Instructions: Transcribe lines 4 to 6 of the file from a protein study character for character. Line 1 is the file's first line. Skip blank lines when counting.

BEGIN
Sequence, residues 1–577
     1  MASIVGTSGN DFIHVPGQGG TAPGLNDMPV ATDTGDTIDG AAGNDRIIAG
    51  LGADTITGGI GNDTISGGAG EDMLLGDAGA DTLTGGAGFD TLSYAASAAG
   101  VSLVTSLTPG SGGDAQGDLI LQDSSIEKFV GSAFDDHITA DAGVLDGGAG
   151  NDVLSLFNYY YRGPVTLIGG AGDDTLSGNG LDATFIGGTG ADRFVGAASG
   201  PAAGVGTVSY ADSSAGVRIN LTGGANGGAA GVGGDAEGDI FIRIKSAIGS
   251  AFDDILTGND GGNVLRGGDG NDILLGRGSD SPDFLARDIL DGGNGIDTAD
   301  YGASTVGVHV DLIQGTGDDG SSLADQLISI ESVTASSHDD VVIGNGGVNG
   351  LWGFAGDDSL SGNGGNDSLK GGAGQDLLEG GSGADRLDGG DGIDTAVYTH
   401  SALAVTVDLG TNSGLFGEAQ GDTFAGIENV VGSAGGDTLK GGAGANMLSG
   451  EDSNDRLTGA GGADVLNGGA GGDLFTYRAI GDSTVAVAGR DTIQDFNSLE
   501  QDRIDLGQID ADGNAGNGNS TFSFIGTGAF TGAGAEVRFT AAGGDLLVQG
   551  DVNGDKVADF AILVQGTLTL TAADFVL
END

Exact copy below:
   101  VSLVTSLTPG SGGDAQGDLI LQDSSIEKFV GSAFDDHITA DAGVLDGGAG
   151  NDVLSLFNYY YRGPVTLIGG AGDDTLSGNG LDATFIGGTG ADRFVGAASG
   201  PAAGVGTVSY ADSSAGVRIN LTGGANGGAA GVGGDAEGDI FIRIKSAIGS